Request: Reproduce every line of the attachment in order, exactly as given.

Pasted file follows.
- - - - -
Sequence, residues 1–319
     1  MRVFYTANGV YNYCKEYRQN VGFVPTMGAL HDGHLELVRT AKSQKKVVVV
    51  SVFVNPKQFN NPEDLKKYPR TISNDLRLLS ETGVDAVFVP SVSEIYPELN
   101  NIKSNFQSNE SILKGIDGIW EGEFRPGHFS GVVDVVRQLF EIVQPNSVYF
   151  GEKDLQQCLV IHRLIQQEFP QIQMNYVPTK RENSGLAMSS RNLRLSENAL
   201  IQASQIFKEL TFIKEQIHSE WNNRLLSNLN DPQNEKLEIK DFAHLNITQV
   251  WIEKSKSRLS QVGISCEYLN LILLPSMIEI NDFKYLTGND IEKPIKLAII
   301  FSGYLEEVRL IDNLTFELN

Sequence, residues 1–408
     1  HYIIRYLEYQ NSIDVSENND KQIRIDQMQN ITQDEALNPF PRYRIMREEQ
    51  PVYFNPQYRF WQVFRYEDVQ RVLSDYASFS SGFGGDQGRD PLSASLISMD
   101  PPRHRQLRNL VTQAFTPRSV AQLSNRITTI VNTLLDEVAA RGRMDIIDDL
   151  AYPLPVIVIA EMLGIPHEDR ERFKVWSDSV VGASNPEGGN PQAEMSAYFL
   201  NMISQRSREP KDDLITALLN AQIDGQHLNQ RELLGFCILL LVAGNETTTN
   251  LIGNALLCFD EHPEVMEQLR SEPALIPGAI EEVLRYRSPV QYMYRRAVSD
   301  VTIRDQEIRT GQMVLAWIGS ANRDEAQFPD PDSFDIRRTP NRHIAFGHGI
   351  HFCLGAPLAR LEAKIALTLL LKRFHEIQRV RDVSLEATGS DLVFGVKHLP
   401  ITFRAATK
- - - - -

Sequence, residues 1–319
     1  MRVFYTANGV YNYCKEYRQN VGFVPTMGAL HDGHLELVRT AKSQKKVVVV
    51  SVFVNPKQFN NPEDLKKYPR TISNDLRLLS ETGVDAVFVP SVSEIYPELN
   101  NIKSNFQSNE SILKGIDGIW EGEFRPGHFS GVVDVVRQLF EIVQPNSVYF
   151  GEKDLQQCLV IHRLIQQEFP QIQMNYVPTK RENSGLAMSS RNLRLSENAL
   201  IQASQIFKEL TFIKEQIHSE WNNRLLSNLN DPQNEKLEIK DFAHLNITQV
   251  WIEKSKSRLS QVGISCEYLN LILLPSMIEI NDFKYLTGND IEKPIKLAII
   301  FSGYLEEVRL IDNLTFELN

Sequence, residues 1–408
     1  HYIIRYLEYQ NSIDVSENND KQIRIDQMQN ITQDEALNPF PRYRIMREEQ
    51  PVYFNPQYRF WQVFRYEDVQ RVLSDYASFS SGFGGDQGRD PLSASLISMD
   101  PPRHRQLRNL VTQAFTPRSV AQLSNRITTI VNTLLDEVAA RGRMDIIDDL
   151  AYPLPVIVIA EMLGIPHEDR ERFKVWSDSV VGASNPEGGN PQAEMSAYFL
   201  NMISQRSREP KDDLITALLN AQIDGQHLNQ RELLGFCILL LVAGNETTTN
   251  LIGNALLCFD EHPEVMEQLR SEPALIPGAI EEVLRYRSPV QYMYRRAVSD
   301  VTIRDQEIRT GQMVLAWIGS ANRDEAQFPD PDSFDIRRTP NRHIAFGHGI
   351  HFCLGAPLAR LEAKIALTLL LKRFHEIQRV RDVSLEATGS DLVFGVKHLP
   401  ITFRAATK